Bjerrum length

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The Bjerrum length (after Danish chemist Niels Bjerrum 1879–1958 [1]) is the separation at which the electrostatic interaction between two elementary charges is comparable in magnitude to the thermal energy scale, k_B T, where k_B is the Boltzmann constant and T is the absolute temperature in Kelvin. This length scale arises naturally in discussions of electrostatic, electrodynamic and electrokinetic phenomena in electrolytes, polyelectrolytes and colloidal dispersions. [2]

In standard units, the Bjerrum length is given by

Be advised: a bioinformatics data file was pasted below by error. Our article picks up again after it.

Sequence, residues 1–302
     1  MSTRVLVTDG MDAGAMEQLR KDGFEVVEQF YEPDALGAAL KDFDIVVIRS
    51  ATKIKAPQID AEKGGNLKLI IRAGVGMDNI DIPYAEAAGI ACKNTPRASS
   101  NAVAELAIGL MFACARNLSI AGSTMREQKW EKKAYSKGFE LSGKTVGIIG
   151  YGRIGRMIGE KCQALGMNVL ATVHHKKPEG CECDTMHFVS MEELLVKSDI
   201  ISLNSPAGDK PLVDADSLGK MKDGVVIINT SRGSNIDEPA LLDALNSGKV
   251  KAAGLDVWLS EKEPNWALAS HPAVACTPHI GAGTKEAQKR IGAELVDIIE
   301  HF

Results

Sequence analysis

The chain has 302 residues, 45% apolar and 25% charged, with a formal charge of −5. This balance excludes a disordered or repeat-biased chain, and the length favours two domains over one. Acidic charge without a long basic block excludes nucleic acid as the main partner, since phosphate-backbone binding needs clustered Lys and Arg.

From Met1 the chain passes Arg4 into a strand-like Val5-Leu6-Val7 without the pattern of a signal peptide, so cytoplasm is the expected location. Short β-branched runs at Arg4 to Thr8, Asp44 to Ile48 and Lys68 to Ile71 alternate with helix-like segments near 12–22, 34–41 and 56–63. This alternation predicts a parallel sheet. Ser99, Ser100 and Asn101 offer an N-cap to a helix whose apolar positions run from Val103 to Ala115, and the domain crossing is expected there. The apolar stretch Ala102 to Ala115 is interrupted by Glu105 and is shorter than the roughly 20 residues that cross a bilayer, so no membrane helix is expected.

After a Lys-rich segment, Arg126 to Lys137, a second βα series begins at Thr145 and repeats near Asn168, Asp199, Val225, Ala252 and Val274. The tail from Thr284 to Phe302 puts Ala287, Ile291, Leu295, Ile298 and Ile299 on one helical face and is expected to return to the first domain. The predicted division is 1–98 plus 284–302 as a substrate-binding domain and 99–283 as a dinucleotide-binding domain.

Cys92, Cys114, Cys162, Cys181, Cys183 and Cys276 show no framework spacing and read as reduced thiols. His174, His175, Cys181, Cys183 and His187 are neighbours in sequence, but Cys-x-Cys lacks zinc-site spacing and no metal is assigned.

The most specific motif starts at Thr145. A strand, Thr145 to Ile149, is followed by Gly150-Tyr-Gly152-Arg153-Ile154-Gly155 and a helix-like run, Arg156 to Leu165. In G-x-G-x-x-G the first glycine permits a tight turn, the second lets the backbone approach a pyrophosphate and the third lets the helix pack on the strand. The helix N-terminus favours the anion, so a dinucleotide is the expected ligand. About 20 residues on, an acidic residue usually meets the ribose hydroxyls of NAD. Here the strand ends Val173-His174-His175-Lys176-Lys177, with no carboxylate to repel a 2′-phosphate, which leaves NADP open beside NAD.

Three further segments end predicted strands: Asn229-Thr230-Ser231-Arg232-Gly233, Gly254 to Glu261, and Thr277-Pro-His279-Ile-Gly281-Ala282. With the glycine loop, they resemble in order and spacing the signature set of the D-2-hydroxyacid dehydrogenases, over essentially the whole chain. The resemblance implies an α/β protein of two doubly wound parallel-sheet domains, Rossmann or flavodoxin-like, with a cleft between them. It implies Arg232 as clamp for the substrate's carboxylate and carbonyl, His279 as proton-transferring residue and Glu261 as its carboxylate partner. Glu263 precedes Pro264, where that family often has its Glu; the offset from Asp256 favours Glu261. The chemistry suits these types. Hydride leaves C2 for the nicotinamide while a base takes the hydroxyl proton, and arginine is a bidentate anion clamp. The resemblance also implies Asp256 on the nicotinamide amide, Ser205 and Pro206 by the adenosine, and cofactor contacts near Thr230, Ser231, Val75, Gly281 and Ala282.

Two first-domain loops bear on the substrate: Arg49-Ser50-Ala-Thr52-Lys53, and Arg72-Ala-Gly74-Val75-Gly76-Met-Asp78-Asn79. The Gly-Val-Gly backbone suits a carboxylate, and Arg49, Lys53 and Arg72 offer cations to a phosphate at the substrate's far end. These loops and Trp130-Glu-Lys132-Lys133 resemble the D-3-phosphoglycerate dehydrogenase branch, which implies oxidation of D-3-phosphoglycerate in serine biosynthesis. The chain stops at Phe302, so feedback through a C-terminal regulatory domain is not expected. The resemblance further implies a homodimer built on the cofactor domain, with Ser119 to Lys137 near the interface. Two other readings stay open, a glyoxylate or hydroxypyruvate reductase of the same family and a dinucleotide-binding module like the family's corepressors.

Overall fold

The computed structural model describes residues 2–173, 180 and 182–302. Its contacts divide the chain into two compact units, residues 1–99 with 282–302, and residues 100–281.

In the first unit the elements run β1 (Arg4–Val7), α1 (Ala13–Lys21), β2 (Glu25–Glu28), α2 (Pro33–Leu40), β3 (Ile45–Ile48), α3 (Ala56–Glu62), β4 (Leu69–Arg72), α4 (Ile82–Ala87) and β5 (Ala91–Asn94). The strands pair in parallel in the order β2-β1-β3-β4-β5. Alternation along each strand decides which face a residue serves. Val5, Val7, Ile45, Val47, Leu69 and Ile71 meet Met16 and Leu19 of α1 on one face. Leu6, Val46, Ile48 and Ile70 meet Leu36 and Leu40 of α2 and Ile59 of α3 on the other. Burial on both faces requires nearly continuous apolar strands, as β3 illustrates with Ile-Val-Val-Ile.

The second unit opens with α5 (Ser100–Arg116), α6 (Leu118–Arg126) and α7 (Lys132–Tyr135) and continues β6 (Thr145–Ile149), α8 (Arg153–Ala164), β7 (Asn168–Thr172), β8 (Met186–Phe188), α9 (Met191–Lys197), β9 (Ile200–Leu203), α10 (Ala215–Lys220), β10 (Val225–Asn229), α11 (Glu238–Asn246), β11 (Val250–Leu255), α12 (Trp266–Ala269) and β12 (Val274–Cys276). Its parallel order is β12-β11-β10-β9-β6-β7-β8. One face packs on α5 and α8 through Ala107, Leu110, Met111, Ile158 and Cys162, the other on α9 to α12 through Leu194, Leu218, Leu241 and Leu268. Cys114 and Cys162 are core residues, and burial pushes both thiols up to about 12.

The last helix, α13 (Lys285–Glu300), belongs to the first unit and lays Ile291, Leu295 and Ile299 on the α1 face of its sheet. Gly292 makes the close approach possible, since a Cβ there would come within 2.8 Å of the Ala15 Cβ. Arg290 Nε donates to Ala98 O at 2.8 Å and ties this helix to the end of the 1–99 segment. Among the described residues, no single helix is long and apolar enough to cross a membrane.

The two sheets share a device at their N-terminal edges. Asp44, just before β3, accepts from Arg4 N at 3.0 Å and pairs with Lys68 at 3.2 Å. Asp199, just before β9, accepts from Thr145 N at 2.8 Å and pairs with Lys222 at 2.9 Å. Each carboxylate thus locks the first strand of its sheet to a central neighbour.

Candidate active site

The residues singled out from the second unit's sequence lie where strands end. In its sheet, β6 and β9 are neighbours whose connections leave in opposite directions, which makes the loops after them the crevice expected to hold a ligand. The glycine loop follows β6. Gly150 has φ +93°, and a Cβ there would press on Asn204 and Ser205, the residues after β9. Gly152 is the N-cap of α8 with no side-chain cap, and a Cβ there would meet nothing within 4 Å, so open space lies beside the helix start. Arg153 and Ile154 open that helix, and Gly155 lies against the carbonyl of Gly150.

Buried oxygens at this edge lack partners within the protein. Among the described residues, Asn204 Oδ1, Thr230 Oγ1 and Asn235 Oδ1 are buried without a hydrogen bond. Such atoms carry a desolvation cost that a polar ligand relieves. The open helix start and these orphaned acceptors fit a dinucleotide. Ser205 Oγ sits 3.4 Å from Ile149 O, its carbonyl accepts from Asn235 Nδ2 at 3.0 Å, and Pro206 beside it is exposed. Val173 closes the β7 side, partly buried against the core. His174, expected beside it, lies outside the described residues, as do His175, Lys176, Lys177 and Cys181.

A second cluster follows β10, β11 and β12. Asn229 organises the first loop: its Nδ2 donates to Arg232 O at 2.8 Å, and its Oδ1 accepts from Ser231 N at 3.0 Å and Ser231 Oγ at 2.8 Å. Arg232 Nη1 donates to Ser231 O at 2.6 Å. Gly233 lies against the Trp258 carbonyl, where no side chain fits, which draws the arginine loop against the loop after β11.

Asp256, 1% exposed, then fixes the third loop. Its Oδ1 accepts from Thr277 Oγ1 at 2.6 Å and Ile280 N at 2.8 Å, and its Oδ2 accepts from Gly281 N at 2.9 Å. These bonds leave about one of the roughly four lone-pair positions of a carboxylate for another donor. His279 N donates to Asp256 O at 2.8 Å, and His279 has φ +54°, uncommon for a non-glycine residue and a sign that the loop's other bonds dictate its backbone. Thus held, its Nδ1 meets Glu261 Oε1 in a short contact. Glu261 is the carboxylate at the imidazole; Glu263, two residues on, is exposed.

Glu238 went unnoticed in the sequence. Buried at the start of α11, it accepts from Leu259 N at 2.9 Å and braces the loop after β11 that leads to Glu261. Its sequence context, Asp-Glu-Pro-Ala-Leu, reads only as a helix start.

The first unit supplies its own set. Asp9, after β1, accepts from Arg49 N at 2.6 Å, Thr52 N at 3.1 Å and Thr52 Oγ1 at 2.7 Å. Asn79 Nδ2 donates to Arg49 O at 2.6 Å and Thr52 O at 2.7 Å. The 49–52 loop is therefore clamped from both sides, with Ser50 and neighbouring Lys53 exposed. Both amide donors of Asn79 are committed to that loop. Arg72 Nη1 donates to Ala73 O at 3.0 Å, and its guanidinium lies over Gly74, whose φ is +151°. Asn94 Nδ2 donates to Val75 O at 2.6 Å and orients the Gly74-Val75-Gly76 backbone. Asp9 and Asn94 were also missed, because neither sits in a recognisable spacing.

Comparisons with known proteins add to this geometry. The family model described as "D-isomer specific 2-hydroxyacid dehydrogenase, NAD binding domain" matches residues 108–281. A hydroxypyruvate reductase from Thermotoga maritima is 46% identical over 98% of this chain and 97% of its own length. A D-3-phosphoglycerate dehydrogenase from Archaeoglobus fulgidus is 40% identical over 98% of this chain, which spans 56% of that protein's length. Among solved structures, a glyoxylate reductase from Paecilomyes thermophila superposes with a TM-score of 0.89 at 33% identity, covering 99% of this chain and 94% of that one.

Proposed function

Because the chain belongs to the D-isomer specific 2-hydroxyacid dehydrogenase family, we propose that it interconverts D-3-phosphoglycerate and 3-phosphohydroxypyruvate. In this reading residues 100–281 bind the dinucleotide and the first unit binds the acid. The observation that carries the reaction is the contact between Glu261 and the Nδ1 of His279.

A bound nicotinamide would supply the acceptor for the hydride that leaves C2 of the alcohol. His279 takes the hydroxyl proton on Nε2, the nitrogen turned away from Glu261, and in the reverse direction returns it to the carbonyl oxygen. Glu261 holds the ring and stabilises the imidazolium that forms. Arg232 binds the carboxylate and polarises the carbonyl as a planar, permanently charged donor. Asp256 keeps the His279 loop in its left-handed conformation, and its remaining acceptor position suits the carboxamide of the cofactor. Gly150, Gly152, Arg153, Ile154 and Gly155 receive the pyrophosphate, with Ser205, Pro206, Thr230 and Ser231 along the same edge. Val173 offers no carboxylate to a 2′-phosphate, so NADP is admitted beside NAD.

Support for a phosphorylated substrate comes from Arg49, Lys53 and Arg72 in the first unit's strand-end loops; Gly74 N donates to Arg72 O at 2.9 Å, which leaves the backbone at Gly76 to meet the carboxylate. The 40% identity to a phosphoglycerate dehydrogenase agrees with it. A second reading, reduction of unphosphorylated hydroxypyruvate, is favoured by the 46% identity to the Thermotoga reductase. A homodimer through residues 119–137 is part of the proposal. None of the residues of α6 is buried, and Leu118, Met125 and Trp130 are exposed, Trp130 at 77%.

\lambda_B = \frac{e^2}{4\pi \varepsilon_0 \varepsilon_r \  k_B T},

where e is the elementary charge, \varepsilon_r is the relative dielectric constant of the medium and \varepsilon_0 is the vacuum permittivity. For water at room temperature (T = 300 \mbox{ K}), \varepsilon_r \approx 80, so that \lambda_B \approx 0.7 \mbox{nm}.

In Gaussian units, 4\pi\varepsilon_0 = 1 and the Bjerrum length has the simpler form

\lambda_B = \frac{e^2}{\varepsilon_r k_B T}.


  1. ^
  2. ^ Russel, William B.; Saville, D. A.; Schowalter, William R. (1989). Colloidal Dispersions. New York: Cambridge University Press.